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Feeling invisible?

From the teen series: Trending - September 9, 2020


TeenConnect: Trending

My family moved a lot. Between kindergarten and the end of high school, I ended up going to eight different schools. Most of the time I attended small international schools. However, when my family moved again before my junior year of high school, I transitioned to a huge school with nearly four thousand students. 

Total culture shock. I was used to being in welcoming environments, surrounded by students who were going through similar things. But on my first day at my new school, it was like I was invisible; not a single person spoke to me all day.

When I got home that afternoon, I burst into tears. My parents comforted me, and we all assumed things would quickly improve. But as days passed with almost no change, I realized that waiting this out wasn’t going to solve my problem. I needed to pray. 

Not a single person spoke to me all day.

I had learned in Christian Science Sunday School that I could always turn to God for help. What came to me to pray with was the Lord’s Prayer that Jesus gave us. Mary Baker Eddy, who loved and followed Jesus’ teachings, describes the Lord’s Prayer as one that “covers all human needs” (Science and Health with Key to the Scriptures, p. 16). So I knew that my need for friends and community could be met by praying this prayer. 

Every day, as part of the morning announcements, my school gave us a moment of silence for prayer. So I took this time to pray the Lord’s Prayer. The line that really stood out to me was “Thy will be done in earth, as it is in heaven” (Matthew 6:10).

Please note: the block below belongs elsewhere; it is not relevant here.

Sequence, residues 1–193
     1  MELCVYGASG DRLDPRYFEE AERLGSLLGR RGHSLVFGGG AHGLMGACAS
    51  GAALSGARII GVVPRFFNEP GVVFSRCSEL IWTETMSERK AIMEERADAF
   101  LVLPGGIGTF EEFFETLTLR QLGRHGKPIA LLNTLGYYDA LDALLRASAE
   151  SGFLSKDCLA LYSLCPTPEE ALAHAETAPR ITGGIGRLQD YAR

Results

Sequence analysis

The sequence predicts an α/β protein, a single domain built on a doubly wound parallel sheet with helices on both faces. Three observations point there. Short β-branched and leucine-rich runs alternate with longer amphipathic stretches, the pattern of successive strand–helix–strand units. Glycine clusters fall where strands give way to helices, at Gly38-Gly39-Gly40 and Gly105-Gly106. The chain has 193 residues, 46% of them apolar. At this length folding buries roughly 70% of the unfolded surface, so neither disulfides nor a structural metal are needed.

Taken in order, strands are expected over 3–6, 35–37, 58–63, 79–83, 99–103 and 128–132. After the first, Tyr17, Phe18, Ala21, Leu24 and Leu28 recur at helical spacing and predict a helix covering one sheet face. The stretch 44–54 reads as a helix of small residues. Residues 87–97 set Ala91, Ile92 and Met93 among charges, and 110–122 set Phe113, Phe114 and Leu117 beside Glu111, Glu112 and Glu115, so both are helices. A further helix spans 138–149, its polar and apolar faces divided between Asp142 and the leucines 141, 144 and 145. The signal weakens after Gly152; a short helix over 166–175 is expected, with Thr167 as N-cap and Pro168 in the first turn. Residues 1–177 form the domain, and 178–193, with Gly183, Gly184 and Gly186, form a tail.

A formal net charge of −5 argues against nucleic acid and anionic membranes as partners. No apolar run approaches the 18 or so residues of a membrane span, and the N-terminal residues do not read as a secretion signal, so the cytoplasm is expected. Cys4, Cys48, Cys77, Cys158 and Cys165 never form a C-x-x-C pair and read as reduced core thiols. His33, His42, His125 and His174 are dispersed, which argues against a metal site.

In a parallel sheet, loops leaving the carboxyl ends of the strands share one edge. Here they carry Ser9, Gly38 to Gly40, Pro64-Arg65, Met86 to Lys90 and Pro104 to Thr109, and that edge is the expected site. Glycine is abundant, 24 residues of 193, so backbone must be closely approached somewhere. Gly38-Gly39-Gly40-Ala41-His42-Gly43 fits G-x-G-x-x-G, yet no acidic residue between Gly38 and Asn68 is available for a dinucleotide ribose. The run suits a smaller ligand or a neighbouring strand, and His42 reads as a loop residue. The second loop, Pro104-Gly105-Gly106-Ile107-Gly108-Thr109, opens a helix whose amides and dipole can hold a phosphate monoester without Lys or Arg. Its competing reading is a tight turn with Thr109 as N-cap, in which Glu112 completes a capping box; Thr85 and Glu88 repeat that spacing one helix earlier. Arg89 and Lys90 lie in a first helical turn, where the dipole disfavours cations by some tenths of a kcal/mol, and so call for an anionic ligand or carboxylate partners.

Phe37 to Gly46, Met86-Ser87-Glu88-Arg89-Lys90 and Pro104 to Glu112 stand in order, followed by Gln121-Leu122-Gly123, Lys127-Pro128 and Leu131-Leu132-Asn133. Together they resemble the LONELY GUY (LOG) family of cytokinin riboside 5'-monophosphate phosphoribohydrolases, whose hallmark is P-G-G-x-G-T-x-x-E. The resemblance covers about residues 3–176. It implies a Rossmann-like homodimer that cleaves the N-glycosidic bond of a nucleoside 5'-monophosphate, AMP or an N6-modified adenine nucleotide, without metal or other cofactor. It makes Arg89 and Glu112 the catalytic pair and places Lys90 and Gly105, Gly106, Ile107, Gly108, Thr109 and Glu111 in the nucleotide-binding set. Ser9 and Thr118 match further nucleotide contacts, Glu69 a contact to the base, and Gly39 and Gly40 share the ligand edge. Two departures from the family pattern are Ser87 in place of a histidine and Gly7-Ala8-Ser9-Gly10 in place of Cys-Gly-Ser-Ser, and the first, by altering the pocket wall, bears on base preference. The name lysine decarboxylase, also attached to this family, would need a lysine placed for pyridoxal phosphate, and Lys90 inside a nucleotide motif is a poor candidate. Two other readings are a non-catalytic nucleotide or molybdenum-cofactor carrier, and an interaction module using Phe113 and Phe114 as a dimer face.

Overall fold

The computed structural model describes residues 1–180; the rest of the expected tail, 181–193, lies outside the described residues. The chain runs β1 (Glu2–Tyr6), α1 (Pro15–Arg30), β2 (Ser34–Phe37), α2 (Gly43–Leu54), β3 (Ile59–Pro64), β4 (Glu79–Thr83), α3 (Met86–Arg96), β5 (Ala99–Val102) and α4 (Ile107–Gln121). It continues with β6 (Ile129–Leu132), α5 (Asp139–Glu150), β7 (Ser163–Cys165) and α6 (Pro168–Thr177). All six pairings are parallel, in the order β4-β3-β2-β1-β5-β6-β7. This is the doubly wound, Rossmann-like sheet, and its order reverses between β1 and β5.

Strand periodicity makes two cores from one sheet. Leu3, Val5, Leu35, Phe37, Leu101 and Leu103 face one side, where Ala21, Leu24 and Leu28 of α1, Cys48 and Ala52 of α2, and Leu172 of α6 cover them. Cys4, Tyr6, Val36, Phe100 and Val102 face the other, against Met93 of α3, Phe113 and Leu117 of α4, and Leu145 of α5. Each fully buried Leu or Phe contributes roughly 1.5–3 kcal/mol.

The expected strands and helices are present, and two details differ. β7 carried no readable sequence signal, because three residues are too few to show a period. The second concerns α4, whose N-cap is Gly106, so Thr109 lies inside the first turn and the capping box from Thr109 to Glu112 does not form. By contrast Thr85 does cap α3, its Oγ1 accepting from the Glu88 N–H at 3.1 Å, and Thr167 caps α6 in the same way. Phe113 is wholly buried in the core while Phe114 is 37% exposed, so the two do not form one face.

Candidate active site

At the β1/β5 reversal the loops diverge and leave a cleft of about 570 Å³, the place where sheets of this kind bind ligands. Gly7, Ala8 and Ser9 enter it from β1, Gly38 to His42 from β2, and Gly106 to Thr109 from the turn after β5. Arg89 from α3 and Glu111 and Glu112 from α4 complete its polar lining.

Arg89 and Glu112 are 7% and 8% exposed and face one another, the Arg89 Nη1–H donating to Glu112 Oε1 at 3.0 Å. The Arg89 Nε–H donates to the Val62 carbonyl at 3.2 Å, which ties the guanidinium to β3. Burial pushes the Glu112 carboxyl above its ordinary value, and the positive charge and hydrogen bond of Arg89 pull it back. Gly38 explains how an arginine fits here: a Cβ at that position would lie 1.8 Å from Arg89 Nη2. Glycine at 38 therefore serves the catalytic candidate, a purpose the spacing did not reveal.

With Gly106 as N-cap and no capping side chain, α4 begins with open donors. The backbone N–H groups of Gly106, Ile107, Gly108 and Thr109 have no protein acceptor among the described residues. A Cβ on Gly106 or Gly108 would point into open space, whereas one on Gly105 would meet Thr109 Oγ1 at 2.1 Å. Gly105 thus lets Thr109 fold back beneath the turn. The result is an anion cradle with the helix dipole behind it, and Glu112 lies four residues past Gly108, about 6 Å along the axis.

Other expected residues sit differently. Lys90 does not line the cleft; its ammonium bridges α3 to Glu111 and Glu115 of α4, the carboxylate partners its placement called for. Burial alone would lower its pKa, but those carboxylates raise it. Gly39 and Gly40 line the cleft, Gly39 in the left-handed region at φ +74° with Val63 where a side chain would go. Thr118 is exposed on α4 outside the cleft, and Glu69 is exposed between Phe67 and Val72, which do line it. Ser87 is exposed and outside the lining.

I’d also learned in Sunday School that God is Love, so I knew God’s will for me and everyone had to be only good. It had to include everything that’s an expression of Love, including friendships, connections, and all of us being able to share our goodness with each other.

As I prayed with this idea, it occurred to me that I didn’t need to tell God how many friends I needed, or how many parties I should be invited to, or which clubs or teams I should be welcomed into. I could simply trust God’s goodness and pray to see that God’s will was being done—no matter how things appeared on the surface. I also realized that humility was important, because whatever God was giving me might not look the same as some plan that I had laid out for myself, and I needed to stay open to that. 

I didn’t need to tell God how many friends I needed. I could simply trust God’s goodness.

This was a huge turning point. I’d experienced many physical healings through prayer while I was growing up, but this was the first time I’d prayed for myself about this kind of problem. I didn’t know what was going to happen, but I became more willing to let God show me the blessings that came from Him and must always be present. Rather than feeling invisible, impatient, and anxious for things to change, I felt patient and peaceful, and I was able to recognize the good that was going on around me, where before I hadn’t been able to see any at all.

I continued to pray the Lord’s Prayer every morning, opening myself up to new inspiration. And things began to turn around. I made wonderful friends, grew to love my teachers and classes, and became involved in some really fun clubs. I graduated from this same high school, and my senior year, the yearbook editors selected a huge photo of me to be on the front page. What a change from my first, upsetting day!

This experience made me realize that we really can turn to God for anything. We are seen by God and known to God—never invisible, but always cared for, provided for, and loved.

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